alabanza expands further on what that goal meant for the nuts and bolts of the curriculum. “The curriculum was broken up into three parts: What would you need to know to go out into the public and talk to anyone about bike share? Then was the part on you and your bike. Then the last component was professional development. I introduced them to resources around public speaking, but also to people who would enhance biking as a lifestyle, and a way of being well — physically, environmentally, and financially. That three-pronged approach was really important.”
Aside from the content of the program, alabanza describes how important it was to her to make the experience active and to respect the reciprocal learning process. She thought often about questions such as, “How do you make it interactive? How do you get them to apply what we’re talking about to their own lives?” alabanza involved many guest speakers and made sure to incorporate a bike ride into every single day of training. “They were constantly being able to implement what they were learning,” she says. “They added a lot of great information, it went both ways.”
Meaningful community engagement matters
Cycling and bike share improvements aren’t met without controversy, however. As in many other low-income communities in the U.S., new investment is sometimes viewed with a wary eye.
“The Westside is predominantly black,” says alabanza. “There can still be a negative connotation. When you bring bike share in this formal way, some are thinking gentrification, taxes going up, infrastructure not being for people in the community.” She notes that technology barriers and mistrust in sharing debit card information can be sticking points, as well as community members not seeing bike share as a realistic resource for families with children.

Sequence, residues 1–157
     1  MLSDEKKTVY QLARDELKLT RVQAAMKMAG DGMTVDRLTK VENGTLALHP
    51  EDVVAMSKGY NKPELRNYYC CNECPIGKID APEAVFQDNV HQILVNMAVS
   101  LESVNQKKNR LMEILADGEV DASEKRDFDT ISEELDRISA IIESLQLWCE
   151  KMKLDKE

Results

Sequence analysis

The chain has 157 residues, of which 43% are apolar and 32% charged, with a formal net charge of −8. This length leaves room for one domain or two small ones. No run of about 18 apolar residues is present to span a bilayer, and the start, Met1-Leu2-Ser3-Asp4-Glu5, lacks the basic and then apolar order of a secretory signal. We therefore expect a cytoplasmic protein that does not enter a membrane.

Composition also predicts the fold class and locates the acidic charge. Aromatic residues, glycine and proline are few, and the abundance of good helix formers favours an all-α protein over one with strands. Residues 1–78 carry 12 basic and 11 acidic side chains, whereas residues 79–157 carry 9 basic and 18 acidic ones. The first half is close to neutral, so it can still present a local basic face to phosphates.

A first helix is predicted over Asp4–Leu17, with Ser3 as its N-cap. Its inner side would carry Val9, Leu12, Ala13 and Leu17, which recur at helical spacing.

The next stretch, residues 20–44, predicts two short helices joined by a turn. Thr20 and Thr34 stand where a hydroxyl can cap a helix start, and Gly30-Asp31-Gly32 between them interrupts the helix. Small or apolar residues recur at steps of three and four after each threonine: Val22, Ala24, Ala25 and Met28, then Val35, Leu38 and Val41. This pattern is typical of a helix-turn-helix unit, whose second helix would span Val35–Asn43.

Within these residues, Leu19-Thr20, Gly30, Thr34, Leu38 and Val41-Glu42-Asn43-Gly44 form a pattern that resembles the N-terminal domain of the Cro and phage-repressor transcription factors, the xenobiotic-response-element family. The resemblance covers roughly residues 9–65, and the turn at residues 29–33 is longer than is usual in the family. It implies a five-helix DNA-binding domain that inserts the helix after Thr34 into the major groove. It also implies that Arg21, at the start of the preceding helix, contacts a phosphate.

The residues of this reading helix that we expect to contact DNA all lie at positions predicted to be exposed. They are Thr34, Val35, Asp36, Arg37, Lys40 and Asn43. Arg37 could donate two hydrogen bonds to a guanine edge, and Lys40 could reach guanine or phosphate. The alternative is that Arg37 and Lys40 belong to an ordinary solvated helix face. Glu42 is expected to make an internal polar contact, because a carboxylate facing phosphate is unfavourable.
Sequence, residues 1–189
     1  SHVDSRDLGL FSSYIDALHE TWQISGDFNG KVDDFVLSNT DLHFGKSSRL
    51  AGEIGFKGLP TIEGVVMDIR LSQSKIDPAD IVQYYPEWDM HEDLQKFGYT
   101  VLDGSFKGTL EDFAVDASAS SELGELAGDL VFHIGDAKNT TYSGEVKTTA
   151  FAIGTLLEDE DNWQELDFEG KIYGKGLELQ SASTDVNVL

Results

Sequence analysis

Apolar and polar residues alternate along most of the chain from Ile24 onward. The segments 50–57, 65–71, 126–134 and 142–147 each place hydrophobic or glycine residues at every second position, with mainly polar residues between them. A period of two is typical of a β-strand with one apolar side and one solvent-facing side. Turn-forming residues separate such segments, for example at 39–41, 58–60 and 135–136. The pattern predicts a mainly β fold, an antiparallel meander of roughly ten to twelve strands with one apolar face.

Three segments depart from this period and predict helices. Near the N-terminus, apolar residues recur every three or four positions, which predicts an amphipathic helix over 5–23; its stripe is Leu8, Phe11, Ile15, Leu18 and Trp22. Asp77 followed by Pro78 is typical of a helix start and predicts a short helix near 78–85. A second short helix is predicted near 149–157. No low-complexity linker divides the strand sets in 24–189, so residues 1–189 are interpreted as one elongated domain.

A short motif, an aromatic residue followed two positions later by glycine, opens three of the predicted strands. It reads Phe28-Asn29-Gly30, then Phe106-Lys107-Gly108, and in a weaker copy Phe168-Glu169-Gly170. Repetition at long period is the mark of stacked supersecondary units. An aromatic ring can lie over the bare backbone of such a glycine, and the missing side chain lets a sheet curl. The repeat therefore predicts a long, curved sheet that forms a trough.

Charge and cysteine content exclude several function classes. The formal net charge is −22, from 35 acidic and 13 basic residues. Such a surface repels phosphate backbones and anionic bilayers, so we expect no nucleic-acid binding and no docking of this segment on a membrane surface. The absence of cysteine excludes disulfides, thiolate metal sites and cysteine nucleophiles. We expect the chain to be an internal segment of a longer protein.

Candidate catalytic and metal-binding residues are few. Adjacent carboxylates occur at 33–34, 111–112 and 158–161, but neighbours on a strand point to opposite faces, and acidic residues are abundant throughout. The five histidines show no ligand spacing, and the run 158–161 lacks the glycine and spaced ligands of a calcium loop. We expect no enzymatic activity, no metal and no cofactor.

alabanza talks about how important it is to genuinely acknowledge community concerns. In the end, she sees the open and supportive attitude of the Champion program as something that could help it ultimately be effective. “It’s important to come in saying we want to pay to work with you, to build a real partnership.”
Serna of the Atlanta Bicycle Coalition sees diverse hiring as a piece of the puzzle as well. “Everyone in the program will have the consideration for openings with Atlanta Bicycle Coalition and nonprofit partners,” she says, speaking to the desire for jobs among many Westside residents.
Regardless of how the Champions program may grow and evolve through time, it has already made a clear, positive mark on the lives of the participants and organizations involved. As Champion Hehn shares, “It’s been transformative, it really, really has. I really hope that the program does take off and transforms Atlanta according to its mission. Seeing the organizations that have come together, it just feels that there is a sense of community that orbits around the entire program. It just brings people together.”
The Better Bike Share Partnership is a JPB Foundation-funded collaboration between the City of Philadelphia, the Bicycle Coalition of Greater Philadelphia, the National Association of City Transportation Officials (NACTO) and the PeopleForBikes Foundation to build equitable and replicable bike share systems. Follow us on Facebook, Twitter and Instagram or sign up for our weekly newsletter. Story tip? Write email@example.com.